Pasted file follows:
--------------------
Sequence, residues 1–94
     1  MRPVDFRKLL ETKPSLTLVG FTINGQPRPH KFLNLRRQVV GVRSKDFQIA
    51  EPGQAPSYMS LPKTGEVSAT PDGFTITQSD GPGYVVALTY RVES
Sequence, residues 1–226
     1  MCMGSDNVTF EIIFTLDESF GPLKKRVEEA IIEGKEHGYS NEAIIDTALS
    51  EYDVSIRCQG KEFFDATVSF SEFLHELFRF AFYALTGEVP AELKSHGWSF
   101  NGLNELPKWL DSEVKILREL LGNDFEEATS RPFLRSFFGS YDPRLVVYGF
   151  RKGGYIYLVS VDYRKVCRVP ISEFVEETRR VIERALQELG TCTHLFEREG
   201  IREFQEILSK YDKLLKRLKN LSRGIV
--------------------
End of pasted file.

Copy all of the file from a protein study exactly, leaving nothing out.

Sequence, residues 1–94
     1  MRPVDFRKLL ETKPSLTLVG FTINGQPRPH KFLNLRRQVV GVRSKDFQIA
    51  EPGQAPSYMS LPKTGEVSAT PDGFTITQSD GPGYVVALTY RVES
Sequence, residues 1–226
     1  MCMGSDNVTF EIIFTLDESF GPLKKRVEEA IIEGKEHGYS NEAIIDTALS
    51  EYDVSIRCQG KEFFDATVSF SEFLHELFRF AFYALTGEVP AELKSHGWSF
   101  NGLNELPKWL DSEVKILREL LGNDFEEATS RPFLRSFFGS YDPRLVVYGF
   151  RKGGYIYLVS VDYRKVCRVP ISEFVEETRR VIERALQELG TCTHLFEREG
   201  IREFQEILSK YDKLLKRLKN LSRGIV